About fifty percent of internally displaced persons (IDPs) in Ethiopia have returned to their homes. The International Organization for Migration (IOM) Ethiopia, in its first-ever national assessment report, revealed the number of IDPs in the country and their condition.
The Ethiopian government has endorsed IOM’s inaugural National Displacement Report for Ethiopia this week. The data was collected in 1,163 sites throughout the country last July, and it was completed in October. According to the press release of IOM Ethiopia, 1,642,458 people were internally displaced throughout the country.
The survey covered Zones of Gedeo, West Guji, Siti, Kemashi, West Harerge, East Wollega, Dawa, and Fafan.
The leading cause for the displacements was an internal conflict, which took the share of more than 65 percent of the IDPs. The second-largest cause was drought, which displaced about 25 percent of IDPs, followed by the seasonal flood, which takes 2 percent.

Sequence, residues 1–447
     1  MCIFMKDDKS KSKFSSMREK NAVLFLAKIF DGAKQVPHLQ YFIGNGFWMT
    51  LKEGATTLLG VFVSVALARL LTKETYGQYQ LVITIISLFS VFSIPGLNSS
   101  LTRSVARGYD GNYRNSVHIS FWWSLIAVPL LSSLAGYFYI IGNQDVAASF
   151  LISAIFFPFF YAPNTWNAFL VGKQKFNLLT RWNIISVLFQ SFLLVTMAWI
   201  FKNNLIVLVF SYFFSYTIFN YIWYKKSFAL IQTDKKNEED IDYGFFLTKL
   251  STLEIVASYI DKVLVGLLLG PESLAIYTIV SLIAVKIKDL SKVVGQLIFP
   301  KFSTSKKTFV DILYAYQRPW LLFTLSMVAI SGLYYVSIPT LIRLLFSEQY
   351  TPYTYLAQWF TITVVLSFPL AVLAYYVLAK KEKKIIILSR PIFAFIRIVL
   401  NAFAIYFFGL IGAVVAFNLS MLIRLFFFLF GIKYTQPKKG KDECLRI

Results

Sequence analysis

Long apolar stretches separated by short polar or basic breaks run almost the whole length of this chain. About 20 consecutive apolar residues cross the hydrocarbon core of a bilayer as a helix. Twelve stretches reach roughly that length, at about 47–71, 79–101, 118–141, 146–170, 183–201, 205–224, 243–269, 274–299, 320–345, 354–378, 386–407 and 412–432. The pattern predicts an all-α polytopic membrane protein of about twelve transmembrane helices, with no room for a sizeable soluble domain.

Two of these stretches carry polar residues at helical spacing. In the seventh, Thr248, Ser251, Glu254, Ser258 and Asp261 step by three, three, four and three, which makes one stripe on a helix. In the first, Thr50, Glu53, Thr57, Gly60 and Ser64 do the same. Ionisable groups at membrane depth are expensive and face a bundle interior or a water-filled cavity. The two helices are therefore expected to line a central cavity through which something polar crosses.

According to the survey of IOM Ethiopia, about fifty percent (more than 800,000) of them were returned home in June across 659 villages. The government is taking the main initiative of the operation to return IDPs, which was started in April 2019.
The number of IDPs is often inconsistent when mentioned by reports of different organizations. The government said last July that the number of IDPs at the national level was 2.3 million. Whereas IOM’s Displacement Tracking Matrix (DTM) on 5th June 2019 reported 2,194,946 IDPs.
Prime minister Abiy, during his parliamentary appearance a couple of months ago, revealed that for months, the government is working hard to return 2.1 million IDPs to their home. And promise the rest 130,000 to be returned soon. The National Displacement Report for Ethiopia of IOM seems to differ from the prime minister’s report.